Two of President Obama's second-term personnel picks that have attracted conservative and business opposition moved a step closer to confirmation Thursday.
Labor Secretary-nominee Thomas E. Perez and Gina McCarthy, Mr. Obama's choice to head the Environmental Protect Agency, won committee approval on straight party-line votes, although both still face an uncertain fate before the full Senate.
The Senate Health, Education, Labor and Pensions (HELP) Committee voted 12-10 to recommend the confirmation of Mr. Perez, former assistant attorney general for the Justice Department's Civil Rights Division. Ms. McCarthy, a veteran EPA official, got the nod from the Senate Environmental and Public Works Committee, moving ahead on a 10-8 vote.
The close votes reflect continuing GOP unhappiness with Mr. Obama's policies and record of cooperation with Congress.
"I understand that elections have consequences and presidents are entitled to be able to have Cabinet members nominated and considered by the Senate within a reasonable period of time," Tennessee Sen. Lamar Alexander, the HELP Committee's ranking Republican member, said at the hearing. "However, the Senate has a duty of advice and consent and we would not be fulfilling our constitutional duties if we rushed to vote."
Senate Democrats may try to schedule floor votes in the coming weeks on these nominees, but it is unclear whether Republicans will keep up their attempts to block the votes.
"This pointless obstructionism is extremely disturbing, and is a big part of why the people of this great nation are so frustrated with the Senate right now," HELP Committee Chairman Tom Harkin, Iowa Democrat, said leading up to the Perez vote, calling the GOP tactics "delay for delay's sake."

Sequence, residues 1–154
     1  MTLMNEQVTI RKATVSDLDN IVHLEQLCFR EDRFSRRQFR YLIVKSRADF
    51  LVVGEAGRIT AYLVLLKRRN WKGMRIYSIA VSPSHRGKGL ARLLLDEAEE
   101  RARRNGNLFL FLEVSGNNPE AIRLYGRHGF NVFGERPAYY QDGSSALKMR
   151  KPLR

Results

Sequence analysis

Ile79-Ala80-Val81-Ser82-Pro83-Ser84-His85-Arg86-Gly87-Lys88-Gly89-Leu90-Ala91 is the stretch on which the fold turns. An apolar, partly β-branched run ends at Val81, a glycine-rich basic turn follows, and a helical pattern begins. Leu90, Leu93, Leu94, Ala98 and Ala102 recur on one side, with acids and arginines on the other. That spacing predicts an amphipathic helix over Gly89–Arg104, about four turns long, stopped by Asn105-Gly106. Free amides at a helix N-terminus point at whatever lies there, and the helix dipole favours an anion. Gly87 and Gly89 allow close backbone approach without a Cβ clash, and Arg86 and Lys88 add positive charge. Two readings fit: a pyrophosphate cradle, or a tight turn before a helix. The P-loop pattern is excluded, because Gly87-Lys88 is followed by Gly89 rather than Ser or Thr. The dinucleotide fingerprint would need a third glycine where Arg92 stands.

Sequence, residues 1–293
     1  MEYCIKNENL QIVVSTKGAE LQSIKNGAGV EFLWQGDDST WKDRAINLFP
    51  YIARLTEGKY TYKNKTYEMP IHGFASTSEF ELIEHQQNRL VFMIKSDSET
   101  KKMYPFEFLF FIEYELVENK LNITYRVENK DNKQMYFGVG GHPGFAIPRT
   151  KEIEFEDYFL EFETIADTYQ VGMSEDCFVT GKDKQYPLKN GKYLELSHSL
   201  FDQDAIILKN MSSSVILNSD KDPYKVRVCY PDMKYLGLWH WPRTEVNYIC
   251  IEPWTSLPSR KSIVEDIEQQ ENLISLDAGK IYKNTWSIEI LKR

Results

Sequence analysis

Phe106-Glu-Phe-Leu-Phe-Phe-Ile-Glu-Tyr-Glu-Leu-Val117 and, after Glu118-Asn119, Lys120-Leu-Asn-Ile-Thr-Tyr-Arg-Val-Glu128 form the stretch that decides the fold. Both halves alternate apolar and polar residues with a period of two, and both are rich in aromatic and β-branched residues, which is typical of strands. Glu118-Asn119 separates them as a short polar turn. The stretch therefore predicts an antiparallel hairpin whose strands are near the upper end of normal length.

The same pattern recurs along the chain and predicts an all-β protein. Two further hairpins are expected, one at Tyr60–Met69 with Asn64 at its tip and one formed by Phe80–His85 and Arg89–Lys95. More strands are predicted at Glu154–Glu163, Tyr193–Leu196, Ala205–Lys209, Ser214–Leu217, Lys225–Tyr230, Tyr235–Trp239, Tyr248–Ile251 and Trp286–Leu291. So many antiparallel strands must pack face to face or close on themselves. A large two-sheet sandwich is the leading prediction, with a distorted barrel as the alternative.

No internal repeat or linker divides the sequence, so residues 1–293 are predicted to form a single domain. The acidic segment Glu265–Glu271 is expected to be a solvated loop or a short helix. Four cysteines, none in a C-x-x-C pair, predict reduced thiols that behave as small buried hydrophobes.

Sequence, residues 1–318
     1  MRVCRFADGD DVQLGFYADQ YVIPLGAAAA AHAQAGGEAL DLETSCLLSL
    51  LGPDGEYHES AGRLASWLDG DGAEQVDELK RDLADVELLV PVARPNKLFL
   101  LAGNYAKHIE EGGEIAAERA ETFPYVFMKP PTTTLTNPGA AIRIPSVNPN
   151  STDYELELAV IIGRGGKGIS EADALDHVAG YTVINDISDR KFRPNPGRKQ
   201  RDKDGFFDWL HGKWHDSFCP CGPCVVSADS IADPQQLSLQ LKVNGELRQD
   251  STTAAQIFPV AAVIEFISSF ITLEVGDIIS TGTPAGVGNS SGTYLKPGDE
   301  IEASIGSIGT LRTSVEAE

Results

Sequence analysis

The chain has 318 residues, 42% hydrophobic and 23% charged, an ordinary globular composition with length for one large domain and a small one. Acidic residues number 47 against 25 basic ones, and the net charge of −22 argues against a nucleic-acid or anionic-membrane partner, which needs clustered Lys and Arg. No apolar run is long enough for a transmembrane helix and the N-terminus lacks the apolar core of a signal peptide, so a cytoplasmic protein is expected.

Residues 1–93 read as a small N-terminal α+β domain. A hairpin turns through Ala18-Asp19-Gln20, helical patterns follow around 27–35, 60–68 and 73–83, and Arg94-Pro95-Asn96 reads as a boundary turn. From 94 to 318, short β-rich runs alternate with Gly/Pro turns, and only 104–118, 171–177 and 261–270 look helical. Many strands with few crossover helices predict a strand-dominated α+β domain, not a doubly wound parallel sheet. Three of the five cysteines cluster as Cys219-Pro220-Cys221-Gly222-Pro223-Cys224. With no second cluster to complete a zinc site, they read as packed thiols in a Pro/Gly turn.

GOP lawmakers accuse Mr. Perez of acting unethically and in a partisan manner at the Justice Department, and said recent scandals besieging the Obama White House only made the choice more problematic.
"This is particularly concerning in light of the current abuses of power we've seen from this administration of the same sort," Mr. Alexander said.
Much of the criticism surrounding Mr. Perez stems from an agreement he negotiated with the city of St. Paul, Minn., during his time at the Justice Department. Republican lawmakers accuse Mr. Perez of pressuring St. Paul officials to withdraw a housing discrimination lawsuit last year by agreeing to simultaneously drop a whistleblower case against the city.
The whistleblower case could have netted taxpayers nearly $200 million, but Mr. Perez dropped it in part because the possible precedent that would be set by the city's housing discrimination lawsuit.
"That seems to me to be an extraordinary amount of wheeling and dealing," Mr. Alexander said, accusing Mr. Perez of "manipulating the legal process."
Opponents are also critical of Mr. Perez's handling of a politically charged voter discrimination case against the New Black Panther Party. After the group was accused of scaring white voters away from the polls during the 2008 presidential election, Mr. Perez took part in the decision that ultimately led to the case being dropped.
Senate Republicans have also used parliamentary tactics to slow down the Environmental and Public Works Committee's vote on Ms. McCarthy's nomination to run the EPA. They argue the agency hasn't been as open and honest as it has promised to be, and business groups have been critical of what they say has been the EPA's activist approach under Mr. Obama.
Louisiana Sen. David Vitter, the ranking Republican on the panel, said there had been "meaningful progress" in getting information from the EPA about the agency and the nominee, including the agency's policy on the use of personal email accounts, after it was revealed former Administrator Lisa P. Jackson conducted some official business via email under the alias "Richard Windsor."
But Environment and Public Works Chairwoman Barbara Boxer, California Democrat, said she regretted the sharp partisan breakdown of the vote.
"I can't celebrate a partisan vote. I just can't," she said.
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